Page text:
Mold spores can spread by air, soil and direct contact […]
Mold spores can spread by air, soil and direct contact with an infected plant. Flower pots may develop mold inside as a result of an infected plant in the container or soil left behind that is still harboring spores. You need to sterilize soil and containers before you reuse them to prevent the disease from coming back.
Consistently damp soil creates an environment for mold growth. Ensuring your soil has adequate drainage can help guard against disease. Mold spores can continue to live in the soil after a contaminated plant has been removed. Soil should always be pasteurized before planting. Bagged potting soil from the garden center is typically pasteurized. Whenever you reuse potting soil from one season to the next, you should heat the soil in an oven to kill any harmful pathogens.
Thousands of mold spores can live on a single plant leaf. Just one spore can cause a healthy plant to become diseased. A flower pot in which one of these contaminated plants is growing is likely to come in contact with the spores and become a host for the disease.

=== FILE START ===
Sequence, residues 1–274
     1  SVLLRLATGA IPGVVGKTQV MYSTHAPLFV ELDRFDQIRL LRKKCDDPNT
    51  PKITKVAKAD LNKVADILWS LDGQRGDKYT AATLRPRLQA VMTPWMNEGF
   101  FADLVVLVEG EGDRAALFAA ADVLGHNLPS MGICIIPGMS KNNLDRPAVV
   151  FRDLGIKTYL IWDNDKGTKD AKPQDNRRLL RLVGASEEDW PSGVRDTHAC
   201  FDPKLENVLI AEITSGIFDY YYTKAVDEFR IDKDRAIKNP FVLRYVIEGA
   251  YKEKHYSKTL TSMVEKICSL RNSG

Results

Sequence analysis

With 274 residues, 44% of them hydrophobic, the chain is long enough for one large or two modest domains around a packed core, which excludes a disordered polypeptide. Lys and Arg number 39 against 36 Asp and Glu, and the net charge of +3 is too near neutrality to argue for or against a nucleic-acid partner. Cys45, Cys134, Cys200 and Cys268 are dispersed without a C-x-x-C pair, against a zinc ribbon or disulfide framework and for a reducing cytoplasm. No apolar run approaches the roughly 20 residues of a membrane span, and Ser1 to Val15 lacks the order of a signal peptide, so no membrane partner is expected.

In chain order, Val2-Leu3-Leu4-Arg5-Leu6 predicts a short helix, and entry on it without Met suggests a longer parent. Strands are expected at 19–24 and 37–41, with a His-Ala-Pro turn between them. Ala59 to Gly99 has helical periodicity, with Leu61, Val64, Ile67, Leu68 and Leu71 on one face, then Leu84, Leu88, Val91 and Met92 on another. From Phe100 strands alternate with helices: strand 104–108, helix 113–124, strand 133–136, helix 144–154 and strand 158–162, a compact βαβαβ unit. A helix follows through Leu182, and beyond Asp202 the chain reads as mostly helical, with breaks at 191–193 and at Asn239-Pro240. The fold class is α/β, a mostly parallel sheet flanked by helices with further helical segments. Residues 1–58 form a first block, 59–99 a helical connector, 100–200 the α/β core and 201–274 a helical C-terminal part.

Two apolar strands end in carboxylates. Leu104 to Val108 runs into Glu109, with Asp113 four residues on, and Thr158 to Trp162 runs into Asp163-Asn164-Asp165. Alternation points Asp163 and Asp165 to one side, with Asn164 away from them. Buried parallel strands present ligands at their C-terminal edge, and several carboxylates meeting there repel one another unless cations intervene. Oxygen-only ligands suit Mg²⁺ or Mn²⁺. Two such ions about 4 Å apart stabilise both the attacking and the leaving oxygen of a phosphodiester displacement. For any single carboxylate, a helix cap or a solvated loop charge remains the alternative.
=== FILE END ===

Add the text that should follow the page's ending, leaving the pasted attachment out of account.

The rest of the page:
Reusing flower pots cuts costs and reduces waste, but mold can live on a container even after the soil and plant are removed. If a new plant or soil is put in this pot, it can also become infected. Mold on a pot isn't always visible. Whenever you reuse a flower pot, you should sterilize it using a solution of 1 part bleach to 9 parts water. Soak the pots in the solution for 10 to 15 minutes, then rinse them and allow them to dry.
While gardening, use good control practices including keeping your tools sterilized and water your plants only as needed. Plants that are stressed are more susceptible to disease, so keeping your plants in good health helps prevent disease problems.